Retinal vasculopathy with cerebral leukoencephalopathy and systemic manifestations
Retinal vasculopathy with cerebral leukoencephalopathy and systemic manifestations (RVCL-S) is an autosomal dominant microvasculopathy of the brain, retina, and other organ systems.
RVCL-S encompasses several previously described conditions 1,2, including cerebroretinal vasculopathy (CRV), hereditary vascular retinopathy (HVR), hereditary systemic angiopathy (HAS), hereditary endotheliopathy, retinopathy, nephropathy and stroke (HERNS), and retinal vasculopathy with cerebral leukodystrophy (RVCL) 3-6.
Symptoms generally manifest between ages 30 and 50 1,2, and the most commonly reported clinical features helpfully appear in the condition's name:
- retinal features: retinal hemorrhages and cotton wool spots may be seen on fundoscopy in the early stages before neovascularization and visual impairment 1-6
- CNS features: most commonly focal neurological deficits, but cognitive impairment and psychiatric disease are also common, and seizures and migraine with or without aura may also uncommonly occur 1,2,4-6
- systemic features:
RVCL-S is an autosomal dominant disorder caused by C-terminal frameshift mutations in the three prime repair exonuclease 1 (TREX1) gene, located on the short arm of chromosome 3 1,2,6,7. The TREX1 gene normally encodes for a DNA exonuclease that is involved in removing unnecessary nucleotides from DNA 1,2,6,7. Furthermore, the TREX1 gene also plays a role in protein glycosylation 9. It is unclear which of these functions (perhaps both) is important to lose in the development of RVCL-S.
Affected tissue, such as cerebral white matter, demonstrate ischemia, necrosis, and dystrophic calcifications, with accompanying vasculopathy 1,7. This vasculopathy, affecting primarily small to medium sized vessels, manifests as fibrinoid vascular necrosis or thickened hyalinised vessels, notably without evidence of vasculitis 1,7. In the brain, the leptomeninges, extraparenchymal vasculature, and the cortical grey matter vessels are typically spared 1,7.
Neuroimaging features have been most commonly described 1,2,6.
CT is non-specific, but approximately half of all patients demonstrate multiple intracerebral calcifications in the cerebral white matter 1,2,5,6.
Characteristic lesions have been described:
- punctate T2-weighted hyperintense supratentorial white matter lesions that spare the grey matter and subcortical U-fibers, are incompatible for age, and may or may not demonstrate enhancement or high diffusion signal on DWI 1,2,6
- some of these lesions are small ischemic strokes
- larger T2-weighted hyperintense white matter lesions that have perilesional edema and exhibit mass effect, also demonstrate ring enhancement, and may or may not demonstrate high diffusion signal on DWI 1,2,6,10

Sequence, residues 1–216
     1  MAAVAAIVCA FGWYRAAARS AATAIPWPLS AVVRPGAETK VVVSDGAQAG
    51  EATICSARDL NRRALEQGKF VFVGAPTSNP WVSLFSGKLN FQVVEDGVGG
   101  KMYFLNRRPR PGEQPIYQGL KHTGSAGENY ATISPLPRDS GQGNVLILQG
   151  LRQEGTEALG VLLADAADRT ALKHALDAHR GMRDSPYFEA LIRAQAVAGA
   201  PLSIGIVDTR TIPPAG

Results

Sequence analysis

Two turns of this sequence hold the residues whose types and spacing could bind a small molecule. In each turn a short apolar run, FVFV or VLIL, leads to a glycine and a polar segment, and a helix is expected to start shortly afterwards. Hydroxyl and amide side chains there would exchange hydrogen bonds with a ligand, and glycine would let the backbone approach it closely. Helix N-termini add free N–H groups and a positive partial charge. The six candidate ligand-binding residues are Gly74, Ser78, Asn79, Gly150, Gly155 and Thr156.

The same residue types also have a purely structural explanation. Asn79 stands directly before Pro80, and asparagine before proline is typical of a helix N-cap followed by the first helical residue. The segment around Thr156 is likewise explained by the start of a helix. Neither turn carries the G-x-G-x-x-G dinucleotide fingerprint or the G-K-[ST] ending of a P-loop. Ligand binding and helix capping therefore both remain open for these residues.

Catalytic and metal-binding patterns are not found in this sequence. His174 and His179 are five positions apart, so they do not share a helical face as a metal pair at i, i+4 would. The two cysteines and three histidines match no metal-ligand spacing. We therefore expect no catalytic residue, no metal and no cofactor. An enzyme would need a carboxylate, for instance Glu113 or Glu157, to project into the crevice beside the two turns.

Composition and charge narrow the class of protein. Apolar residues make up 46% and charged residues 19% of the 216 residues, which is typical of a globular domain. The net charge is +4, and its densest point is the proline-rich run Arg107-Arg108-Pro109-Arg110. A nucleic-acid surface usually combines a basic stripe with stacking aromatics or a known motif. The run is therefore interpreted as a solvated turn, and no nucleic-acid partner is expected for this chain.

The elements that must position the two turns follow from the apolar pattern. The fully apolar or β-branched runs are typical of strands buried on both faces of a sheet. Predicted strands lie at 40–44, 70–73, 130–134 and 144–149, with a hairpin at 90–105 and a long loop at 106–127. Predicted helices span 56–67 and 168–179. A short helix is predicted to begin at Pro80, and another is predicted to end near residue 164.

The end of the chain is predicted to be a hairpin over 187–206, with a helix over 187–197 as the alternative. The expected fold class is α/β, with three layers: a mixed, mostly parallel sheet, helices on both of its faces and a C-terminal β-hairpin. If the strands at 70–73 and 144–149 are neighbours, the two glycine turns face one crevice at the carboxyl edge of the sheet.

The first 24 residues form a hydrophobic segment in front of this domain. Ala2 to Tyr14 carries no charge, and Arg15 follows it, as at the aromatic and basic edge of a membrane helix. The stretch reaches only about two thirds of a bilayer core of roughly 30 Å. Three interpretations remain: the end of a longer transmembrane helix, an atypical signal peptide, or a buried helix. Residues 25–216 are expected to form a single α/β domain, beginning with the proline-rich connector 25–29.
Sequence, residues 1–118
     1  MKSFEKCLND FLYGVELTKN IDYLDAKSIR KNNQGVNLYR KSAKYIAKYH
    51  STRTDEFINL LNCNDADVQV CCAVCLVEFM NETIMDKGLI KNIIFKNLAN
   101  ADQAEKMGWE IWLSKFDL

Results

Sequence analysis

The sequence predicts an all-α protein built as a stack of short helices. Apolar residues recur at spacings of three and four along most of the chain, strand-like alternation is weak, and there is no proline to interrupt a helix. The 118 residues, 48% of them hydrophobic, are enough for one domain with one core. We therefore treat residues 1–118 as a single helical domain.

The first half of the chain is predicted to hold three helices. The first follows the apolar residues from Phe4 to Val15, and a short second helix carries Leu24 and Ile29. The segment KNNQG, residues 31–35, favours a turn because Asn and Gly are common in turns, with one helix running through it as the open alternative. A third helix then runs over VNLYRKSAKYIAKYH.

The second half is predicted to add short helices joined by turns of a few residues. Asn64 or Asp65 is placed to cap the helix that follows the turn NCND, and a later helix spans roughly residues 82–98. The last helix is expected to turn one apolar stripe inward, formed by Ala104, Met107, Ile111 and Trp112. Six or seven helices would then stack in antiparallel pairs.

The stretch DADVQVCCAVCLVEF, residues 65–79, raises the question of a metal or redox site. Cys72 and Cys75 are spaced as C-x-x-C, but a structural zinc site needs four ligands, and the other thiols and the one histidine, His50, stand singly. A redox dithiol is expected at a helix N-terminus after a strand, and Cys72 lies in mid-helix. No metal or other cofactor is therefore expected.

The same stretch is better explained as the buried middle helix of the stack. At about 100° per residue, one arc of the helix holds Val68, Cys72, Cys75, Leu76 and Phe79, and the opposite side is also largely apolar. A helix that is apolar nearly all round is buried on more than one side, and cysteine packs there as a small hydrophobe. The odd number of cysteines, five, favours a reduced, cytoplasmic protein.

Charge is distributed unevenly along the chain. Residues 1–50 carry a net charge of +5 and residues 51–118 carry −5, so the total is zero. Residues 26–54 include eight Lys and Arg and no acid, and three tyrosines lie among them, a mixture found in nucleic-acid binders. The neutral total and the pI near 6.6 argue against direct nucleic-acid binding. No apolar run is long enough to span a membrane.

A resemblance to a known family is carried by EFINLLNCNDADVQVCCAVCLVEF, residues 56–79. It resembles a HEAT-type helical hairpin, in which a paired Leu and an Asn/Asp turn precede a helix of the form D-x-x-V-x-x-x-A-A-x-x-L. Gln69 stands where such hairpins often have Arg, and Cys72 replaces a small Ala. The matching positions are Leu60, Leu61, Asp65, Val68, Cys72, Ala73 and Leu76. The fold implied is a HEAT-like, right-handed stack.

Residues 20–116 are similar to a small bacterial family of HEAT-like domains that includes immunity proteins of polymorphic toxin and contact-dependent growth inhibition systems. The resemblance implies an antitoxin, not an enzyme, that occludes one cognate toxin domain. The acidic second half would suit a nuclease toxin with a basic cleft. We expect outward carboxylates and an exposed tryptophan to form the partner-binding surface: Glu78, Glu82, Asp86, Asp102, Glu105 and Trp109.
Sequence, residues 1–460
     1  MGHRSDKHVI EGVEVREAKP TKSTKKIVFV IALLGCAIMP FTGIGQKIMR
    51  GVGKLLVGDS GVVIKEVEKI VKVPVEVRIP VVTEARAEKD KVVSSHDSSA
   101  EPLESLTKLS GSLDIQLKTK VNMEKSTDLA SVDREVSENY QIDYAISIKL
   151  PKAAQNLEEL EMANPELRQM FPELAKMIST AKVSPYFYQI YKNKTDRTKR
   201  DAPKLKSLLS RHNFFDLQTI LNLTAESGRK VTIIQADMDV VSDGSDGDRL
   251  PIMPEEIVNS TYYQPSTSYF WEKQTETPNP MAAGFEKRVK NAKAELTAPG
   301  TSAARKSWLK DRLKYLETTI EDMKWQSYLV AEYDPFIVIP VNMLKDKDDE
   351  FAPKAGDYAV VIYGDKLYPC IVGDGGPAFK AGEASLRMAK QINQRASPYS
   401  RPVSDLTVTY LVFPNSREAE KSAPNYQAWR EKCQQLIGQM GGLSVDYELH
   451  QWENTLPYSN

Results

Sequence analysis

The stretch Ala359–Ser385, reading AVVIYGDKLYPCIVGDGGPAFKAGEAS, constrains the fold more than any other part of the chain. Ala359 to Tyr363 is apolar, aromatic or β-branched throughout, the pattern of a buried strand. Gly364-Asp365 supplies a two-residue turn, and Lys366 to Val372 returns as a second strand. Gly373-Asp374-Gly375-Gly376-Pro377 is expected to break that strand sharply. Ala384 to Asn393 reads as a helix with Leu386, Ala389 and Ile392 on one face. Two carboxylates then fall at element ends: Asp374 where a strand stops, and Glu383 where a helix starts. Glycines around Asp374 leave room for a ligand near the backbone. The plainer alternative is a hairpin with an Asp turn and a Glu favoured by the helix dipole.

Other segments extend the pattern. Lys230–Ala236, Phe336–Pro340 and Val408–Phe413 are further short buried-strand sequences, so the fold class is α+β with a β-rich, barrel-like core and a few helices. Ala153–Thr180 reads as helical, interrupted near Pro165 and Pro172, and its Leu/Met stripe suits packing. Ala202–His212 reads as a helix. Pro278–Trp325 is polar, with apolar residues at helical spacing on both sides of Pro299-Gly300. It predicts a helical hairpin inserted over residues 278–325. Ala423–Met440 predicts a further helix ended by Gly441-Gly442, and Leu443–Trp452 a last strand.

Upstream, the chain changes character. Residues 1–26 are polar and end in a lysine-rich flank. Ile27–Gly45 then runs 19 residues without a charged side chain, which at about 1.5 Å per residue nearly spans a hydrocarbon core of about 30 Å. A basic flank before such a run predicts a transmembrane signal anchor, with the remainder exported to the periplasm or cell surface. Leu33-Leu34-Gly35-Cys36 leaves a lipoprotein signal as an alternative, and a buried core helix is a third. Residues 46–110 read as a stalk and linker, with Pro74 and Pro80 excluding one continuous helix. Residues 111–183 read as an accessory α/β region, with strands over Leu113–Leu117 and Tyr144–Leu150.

These lesions progressively increase in size and number over time 1. Non-enhancing lesions can progress to enhancing or rim-enhancing lesions.
Treatment and prognosis
There is currently (as of September 2019) no disease-modifying therapy available. Typically, the disease has a progressive course leading to death between ages 50 and 60, which corresponds to approximately a decade after symptom onset 1,2,6.
History and etymology
RVCL-S was coined by Anine H Stam and colleagues in their 2016 seminal paper 1, thereby uniting multiple previously separate pathologies.
General imaging differential considerations include:
- 1. Stam AH, Kothari PH, Shaikh A, Gschwendter A, Jen JC, Hodgkinson S, Hardy TA, Hayes M, Kempster PA, Kotschet KE, Bajema IM, van Duinen SG, Maat-Schieman ML, de Jong PT, de Smet MD, de Wolff-Rouendaal D, Dijkman G, Pelzer N, Kolar GR, Schmidt RE, Lacey J, Joseph D, Fintak DR, Grand MG, Brunt EM, Liapis H, Hajj-Ali RA, Kruit MC, van Buchem MA, Dichgans M, Frants RR, van den Maagdenberg AM, Haan J, Baloh RW, Atkinson JP, Terwindt GM, Ferrari MD. Retinal vasculopathy with cerebral leukoencephalopathy and systemic manifestations. Brain : a journal of neurology. doi:10.1093/brain/aww217 - Pubmed
- 2. Charidimou A. Defining retinal vasculopathy with cerebral leukoencephalopathy and systemic manifestations. Brain. 139 (11): 2819. doi:10.1093/brain/aww253
- 3. Grand MG, Kaine J, Fulling K, Atkinson J, Dowton SB, Farber M, Craver J, Rice K. Cerebroretinal vasculopathy. A new hereditary syndrome. Ophthalmology. 95 (5): 649-59. Pubmed
- 4. Storimans CW, Van Schooneveld MJ, Oosterhuis JA, Bos PJ. A new autosomal dominant vascular retinopathy syndrome. European journal of ophthalmology. 1 (2): 73-8. Pubmed
- 5. Winkler DT, Lyrer P, Probst A, Devys D, Haufschild T, Haller S, Willi N, Mihatsch MJ, Steck AJ, Tolnay M. Hereditary systemic angiopathy (HSA) with cerebral calcifications, retinopathy, progressive nephropathy, and hepatopathy. Journal of neurology. 255 (1): 77-88. doi:10.1007/s00415-008-0675-3 - Pubmed
- 6. Jen J, Cohen AH, Yue Q, Stout JT, Vinters HV, Nelson S, Baloh RW. Hereditary endotheliopathy with retinopathy, nephropathy, and stroke (HERNS). Neurology. 49 (5): 1322-30. Pubmed
- 7. Kolar GR, Kothari PH, Khanlou N, Jen JC, Schmidt RE, Vinters HV. Neuropathology and genetics of cerebroretinal vasculopathies. Brain pathology. 24 (5): 510-8. doi:10.1111/bpa.12178 - Pubmed
- 8. Rice GI, Rodero MP, Crow YJ. Human disease phenotypes associated with mutations in TREX1. Journal of clinical immunology. 35 (3): 235-43. doi:10.1007/s10875-015-0147-3 - Pubmed
- 9. Hasan M, Fermaintt CS, Gao N, Sakai T, Miyazaki T, Jiang S, Li QZ, Atkinson JP, Morse HC, Lehrman MA, Yan N. Cytosolic Nuclease TREX1 Regulates Oligosaccharyltransferase Activity Independent of Nuclease Activity to Suppress Immune Activation. Immunity. 43 (3): 463-74. doi:10.1016/j.immuni.2015.07.022 - Pubmed
- 10. Weil S, Reifenberger G, Dudel C, Yousry TA, Schriever S, Noachtar S. Cerebroretinal vasculopathy mimicking a brain tumor: a case of a rare hereditary syndrome. Neurology. 53 (3): 629-31. Pubmed